Summary and Conclusion
Since children play video games regularly, and many consistently play games with violent content, it is vital to understand how these games will affect their cognitive development. Unfortunately, children with some type of psychiatric or psychosocial issues are more likely to play violent video games than others. As explained by DeLisi et al (132), some children’s video game usage reaches as much as 40 hours per week. If a large percentage of that time consists of violent video games there is little doubt—based on the evidence provided in the literature—that the effect is increased levels of aggression and other antisocial behaviors. These are statistics that every adult in a position of oversight or responsibility for children must be aware of and understand their implications; playing violent video games presents a significant risk factor for children.
This brief review of the effects of violent video games on children confirmed the theories predicting increased aggressive behavior what these theories, such as social-cognitive learning theory. Children become more aggressive both in the short-term as well as in later years, as a result of repeated exposure to the violent actions contained in such games. This is especially true when the games involve a personal involvement in that violence (such as first-person shooter games). In spite of the critics’ or public’s perception that the issue is not resolved, action must be taken to limit children’s exposure to violent video games. This begins with parental supervision and extends to other adults who can make an impact on a child’s life in the form of family support.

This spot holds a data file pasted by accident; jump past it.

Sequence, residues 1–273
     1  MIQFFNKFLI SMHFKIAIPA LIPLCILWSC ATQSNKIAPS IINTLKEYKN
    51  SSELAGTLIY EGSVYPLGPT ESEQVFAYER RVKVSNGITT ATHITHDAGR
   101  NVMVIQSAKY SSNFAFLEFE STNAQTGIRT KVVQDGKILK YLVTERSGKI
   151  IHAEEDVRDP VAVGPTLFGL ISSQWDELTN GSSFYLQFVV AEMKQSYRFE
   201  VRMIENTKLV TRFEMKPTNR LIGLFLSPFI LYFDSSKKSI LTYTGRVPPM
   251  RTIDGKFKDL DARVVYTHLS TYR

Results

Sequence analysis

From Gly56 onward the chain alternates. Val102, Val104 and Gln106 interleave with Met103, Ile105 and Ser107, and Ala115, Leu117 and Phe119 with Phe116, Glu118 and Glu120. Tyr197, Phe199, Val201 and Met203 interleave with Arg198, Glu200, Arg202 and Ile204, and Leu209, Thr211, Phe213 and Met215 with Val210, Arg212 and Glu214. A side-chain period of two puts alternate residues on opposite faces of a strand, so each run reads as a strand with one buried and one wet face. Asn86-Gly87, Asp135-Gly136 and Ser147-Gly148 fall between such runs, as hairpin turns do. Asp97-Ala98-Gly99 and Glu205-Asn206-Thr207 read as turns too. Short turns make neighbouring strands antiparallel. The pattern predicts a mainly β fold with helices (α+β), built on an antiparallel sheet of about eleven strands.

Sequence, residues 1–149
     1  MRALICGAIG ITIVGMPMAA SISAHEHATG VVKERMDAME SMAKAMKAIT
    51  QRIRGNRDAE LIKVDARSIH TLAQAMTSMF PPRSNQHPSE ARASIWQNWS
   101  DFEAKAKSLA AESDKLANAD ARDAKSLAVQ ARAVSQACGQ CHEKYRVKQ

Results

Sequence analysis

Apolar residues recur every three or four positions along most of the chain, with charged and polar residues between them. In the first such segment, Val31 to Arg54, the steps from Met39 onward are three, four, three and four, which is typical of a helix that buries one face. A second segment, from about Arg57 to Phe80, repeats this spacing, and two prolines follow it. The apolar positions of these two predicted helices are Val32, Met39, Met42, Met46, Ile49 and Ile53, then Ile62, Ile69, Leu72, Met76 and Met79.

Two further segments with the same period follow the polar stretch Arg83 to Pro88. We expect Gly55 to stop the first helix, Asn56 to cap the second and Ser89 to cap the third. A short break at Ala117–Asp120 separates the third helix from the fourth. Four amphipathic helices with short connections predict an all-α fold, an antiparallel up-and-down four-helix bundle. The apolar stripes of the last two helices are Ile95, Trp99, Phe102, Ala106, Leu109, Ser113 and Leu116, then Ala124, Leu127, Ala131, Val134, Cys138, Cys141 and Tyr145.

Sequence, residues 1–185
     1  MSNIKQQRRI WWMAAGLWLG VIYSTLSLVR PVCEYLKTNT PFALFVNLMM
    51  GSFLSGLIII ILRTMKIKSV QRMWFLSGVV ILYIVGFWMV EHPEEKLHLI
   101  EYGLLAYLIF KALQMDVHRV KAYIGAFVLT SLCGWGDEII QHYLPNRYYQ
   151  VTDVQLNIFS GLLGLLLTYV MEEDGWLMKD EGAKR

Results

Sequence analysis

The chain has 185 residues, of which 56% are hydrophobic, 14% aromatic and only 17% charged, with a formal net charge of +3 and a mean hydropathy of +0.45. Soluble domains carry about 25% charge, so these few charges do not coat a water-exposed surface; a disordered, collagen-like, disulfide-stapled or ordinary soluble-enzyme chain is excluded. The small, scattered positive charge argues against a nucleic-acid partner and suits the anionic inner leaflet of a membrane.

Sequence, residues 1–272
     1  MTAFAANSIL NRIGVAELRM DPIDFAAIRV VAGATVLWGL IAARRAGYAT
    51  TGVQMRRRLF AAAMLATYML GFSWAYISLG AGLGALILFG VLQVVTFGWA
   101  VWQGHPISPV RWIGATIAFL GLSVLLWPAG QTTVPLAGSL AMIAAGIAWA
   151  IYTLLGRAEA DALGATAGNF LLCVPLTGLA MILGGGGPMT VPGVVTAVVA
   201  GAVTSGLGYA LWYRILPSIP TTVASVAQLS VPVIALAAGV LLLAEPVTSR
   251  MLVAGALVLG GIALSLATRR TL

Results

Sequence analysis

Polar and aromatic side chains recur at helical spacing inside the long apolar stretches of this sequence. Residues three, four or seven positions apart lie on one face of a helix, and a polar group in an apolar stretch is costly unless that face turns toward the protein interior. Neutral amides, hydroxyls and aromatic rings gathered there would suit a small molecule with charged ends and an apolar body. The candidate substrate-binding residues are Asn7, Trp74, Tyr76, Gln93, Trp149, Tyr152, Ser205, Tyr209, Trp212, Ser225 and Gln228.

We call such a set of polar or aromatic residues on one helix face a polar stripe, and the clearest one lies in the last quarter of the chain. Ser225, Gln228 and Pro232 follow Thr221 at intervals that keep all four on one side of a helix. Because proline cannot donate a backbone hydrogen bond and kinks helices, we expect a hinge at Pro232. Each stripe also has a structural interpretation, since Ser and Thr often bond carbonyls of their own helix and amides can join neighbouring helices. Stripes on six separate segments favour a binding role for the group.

Carnagey, Nicholas L and Craig A. Anderson. Theory in the study of media violence: The general aggression model. In D. A. Gentile (Ed.), Media violence and children: A complete guide for parents and professionals (pp. 87-106). Westport, CT: Praeger, 2003.
DeLisi, Matt, Michael G. Vaughn, Douglas A. Gentile, Craig A. Anderson and Jeffrey J. Shook. Violent Video Games, Delinquency, and Youth Violence: New Evidence. Youth Violence and Juvenile Justice 11.2 (2012): 132-142.
Ferguson, Christopher J., Claudia San Miguel, Adolfo Garza and Jessica M. Jerabeck. A longitudinal test of video game violence influences on dating and aggression: A 3-year longitudinal study of adolescents. Journal of Psychiatric Research 46 (2012): 141-146.
Gentile, Douglas A. and J. Ronald Gentile. Violent video games as exemplary teachers: A conceptual analysis. Journal of Youth and Adolescence 9 (2008): 127-141.
Greitemeyer, Tobias and Neil McLatchie. Denying humanness to others: A newly discovered mechanism by which violent video games increase aggressive behavior. Psychological Science 22 (2011): 659-665.
Ivory, Adrienne H. and Christine E. Kaestle. The Effects of Profanity in Violent Video Games on Players’ Hostility Expectations, Aggressive Thoughts and Feelings, and Other Responses. Journal of Broadcasting & Electronic Media 57.2 (2013): 224-41.
McLean, Lavinia and Mark Griffiths. The psychological effects of videogames on young people: A review. Aloma 31.1 (2013): 119-133.
Saleem, Muniba, Craig A. Anderson and Douglas A. Gentile. Effects of Prosocial, Neutral, and Violent Video Games on Children’s Helpful and Hurtful Behaviors. Aggressive Behavior 38 (2012): 281-287.
Supreme Court of the United States. Brown v. Entertainment Merchants Association, 564 U.S. 08-1448. Washington, DC: Author, 2011. http://www.supremecourt.gov/opinions/10pdf/08-1448.pdf.
Whitaker, Jodi L. and Brad J. Bushman. A Review of the Effects of Violent Video Games on Children and Adolescents. Washington & Lee Law Review 66.3 (2009): 1033-1050.